I normally drive in Econ mode, but tried Normal mode at Jc_vt and Mr. Natural's mentions. Driving the same route/terrain to compare the modes, I agree that the engine seems to struggle less while in Normal mode.
 

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Have only had my Insight for the last month. Not sure what others experience is but for myself, when driving on the highway the vehicle drives better and gets better milage. Does better on hills also....... The drone from the engine is far less pronounced.
I've also found my mpg improves on highway - depending on speed! If I keep it within the 60 mph range, I can get at or above the 49 mpg highway EPA rating. Pushing speed to 70+ I can see in the 'immediate mpg' gauge and average mpg total the loss in fuel efficiency.

Hills are still tough going at city speeds though, unless I anticipate them with momentum built up by accelerating before the hill, OR unless I switch to Sport mode. Do you do most of your hill-driving in city or highway conditions?
 

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....I believe that you have a point on switching to normal mode during the uphill portions of the drive to keep the battery at a higher charge state.. What I am curious about though is the latter - going downhill. What happens when the battery is at a high state of charge and you have a steep, long grade to go down? Is there enough engine braking to keep you from having to use the brakes (I assume this would be done with the paddle shifters)??
For me the difference between Normal and Sport modes, is that in Sport throttle travel is much less, and I have to ease off more, to avoid accelerating faster then I'd like, for top mpg (i.e. on flat terrain). The other difference is that Sport will charge up the battery to a higher state of charge (SOC) then Normal before turning off the engine, prior to the system automatically bleeding off the SOC (from say 7 bars to 4-5) while maintaining a steady speed with the green EV icon lite up.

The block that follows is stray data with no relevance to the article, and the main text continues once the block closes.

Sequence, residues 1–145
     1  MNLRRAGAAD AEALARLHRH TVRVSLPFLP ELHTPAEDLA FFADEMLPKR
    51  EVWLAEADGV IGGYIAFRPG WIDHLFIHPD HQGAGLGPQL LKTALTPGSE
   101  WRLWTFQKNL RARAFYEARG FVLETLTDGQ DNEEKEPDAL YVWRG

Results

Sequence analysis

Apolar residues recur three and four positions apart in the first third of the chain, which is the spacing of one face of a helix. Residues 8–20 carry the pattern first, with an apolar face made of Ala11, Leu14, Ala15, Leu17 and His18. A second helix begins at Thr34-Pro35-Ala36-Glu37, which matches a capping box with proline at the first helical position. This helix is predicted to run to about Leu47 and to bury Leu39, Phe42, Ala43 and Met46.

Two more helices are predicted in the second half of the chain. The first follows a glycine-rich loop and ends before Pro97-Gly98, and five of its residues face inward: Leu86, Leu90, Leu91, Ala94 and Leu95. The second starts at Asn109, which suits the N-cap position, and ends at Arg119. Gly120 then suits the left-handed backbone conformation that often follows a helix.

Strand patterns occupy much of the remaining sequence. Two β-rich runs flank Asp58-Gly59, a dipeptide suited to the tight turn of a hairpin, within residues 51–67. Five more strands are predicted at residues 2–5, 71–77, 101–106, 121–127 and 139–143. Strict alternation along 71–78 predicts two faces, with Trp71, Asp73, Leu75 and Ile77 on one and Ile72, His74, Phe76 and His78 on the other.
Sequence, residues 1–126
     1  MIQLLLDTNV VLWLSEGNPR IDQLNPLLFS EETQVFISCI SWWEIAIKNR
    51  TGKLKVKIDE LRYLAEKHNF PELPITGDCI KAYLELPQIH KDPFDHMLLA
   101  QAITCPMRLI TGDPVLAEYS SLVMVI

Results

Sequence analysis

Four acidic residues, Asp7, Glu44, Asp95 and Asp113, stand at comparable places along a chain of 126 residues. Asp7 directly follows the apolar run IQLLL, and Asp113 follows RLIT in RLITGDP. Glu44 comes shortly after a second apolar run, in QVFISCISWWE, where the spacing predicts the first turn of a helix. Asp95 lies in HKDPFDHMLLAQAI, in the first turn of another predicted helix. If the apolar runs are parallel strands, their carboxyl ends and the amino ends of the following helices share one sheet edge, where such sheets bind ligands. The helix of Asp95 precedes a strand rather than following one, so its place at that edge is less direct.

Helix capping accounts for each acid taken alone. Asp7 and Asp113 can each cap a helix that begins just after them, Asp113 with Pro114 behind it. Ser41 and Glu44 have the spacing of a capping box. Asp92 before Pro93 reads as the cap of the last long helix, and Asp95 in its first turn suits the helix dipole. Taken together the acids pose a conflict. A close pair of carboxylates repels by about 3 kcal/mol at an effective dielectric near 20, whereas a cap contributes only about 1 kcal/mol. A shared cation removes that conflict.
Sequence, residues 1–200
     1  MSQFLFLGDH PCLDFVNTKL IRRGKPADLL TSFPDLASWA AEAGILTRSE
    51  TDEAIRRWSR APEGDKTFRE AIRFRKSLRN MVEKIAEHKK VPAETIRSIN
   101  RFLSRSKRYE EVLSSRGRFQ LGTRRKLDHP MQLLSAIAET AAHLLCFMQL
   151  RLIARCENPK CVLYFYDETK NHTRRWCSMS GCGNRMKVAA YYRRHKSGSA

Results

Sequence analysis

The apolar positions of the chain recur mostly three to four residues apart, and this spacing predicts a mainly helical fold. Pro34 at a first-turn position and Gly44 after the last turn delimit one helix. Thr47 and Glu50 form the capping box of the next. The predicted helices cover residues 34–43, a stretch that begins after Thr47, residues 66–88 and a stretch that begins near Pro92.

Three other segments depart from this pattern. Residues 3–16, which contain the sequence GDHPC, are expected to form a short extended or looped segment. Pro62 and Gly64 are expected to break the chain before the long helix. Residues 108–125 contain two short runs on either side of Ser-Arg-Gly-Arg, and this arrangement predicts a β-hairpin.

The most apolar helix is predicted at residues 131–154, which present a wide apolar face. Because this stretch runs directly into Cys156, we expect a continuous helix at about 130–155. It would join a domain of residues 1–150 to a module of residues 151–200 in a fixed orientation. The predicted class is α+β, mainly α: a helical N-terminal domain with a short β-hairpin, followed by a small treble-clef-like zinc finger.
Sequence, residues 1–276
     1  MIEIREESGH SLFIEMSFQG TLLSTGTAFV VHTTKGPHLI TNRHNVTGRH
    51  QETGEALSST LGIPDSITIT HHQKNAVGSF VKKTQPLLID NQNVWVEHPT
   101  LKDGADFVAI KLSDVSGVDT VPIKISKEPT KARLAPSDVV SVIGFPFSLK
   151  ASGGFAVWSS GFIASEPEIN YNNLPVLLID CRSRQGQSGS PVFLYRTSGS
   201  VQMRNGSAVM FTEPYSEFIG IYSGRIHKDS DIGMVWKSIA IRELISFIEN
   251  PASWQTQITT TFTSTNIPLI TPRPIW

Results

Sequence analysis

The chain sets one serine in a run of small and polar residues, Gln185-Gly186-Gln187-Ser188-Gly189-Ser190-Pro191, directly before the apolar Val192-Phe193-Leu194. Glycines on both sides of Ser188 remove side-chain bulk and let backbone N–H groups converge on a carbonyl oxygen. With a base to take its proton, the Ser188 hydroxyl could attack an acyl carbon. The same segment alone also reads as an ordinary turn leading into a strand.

Good question regarding downhills, what happens when the battery is fully charged and the car is trying to charge it further (due to braking or gravity push from a down grade(? I don't know the answer. I've been in that situation only once and it was for just a few seconds (coming down the West slope of the Coast Range). What happened, was that the engine was off, I was near the bottom of a long steep downgrade at about 62 mph approaching a "slow to 40" right turn. I tapped the brakes and as I slowed the engine came on. I took the corner at 50 mph, tapped the throttle coming out of the corner. EV green icon came on and I accelerated to 60 mph. Followed by a long period of battery only operation at around 60 mph. = top mpg to balance out all the gas and rpm used to climb the East slope.


PS I once rented a car in Phoenix to go to Sadona. They love to drive fast in AZ.!! (except on the 2 lane road). Anything under 80 makes you a slow poke !
 

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If I drive a 1/2 mile trip at or under 20 MPH would I just be using the electric power? No heat or A/C used and temperature is over 55.
 

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If I drive a 1/2 mile trip at or under 20 MPH would I just be using the electric power? No heat or A/C used and temperature is over 55.
Your answer is "it depends." If you have a ton of battery reserve and you never exceed the lower half of the blue power band, you might make it. Your odds are much greater if the engine is already warm. You'll need to take your time getting up to speed in any event. If there's a hill involved, your odds go down dramatically. If the engine is already warm, sufficient battery reserve exists, you select EV mode and keep the power meter in the blue, you will likely make it unless there's a mountain in front of you.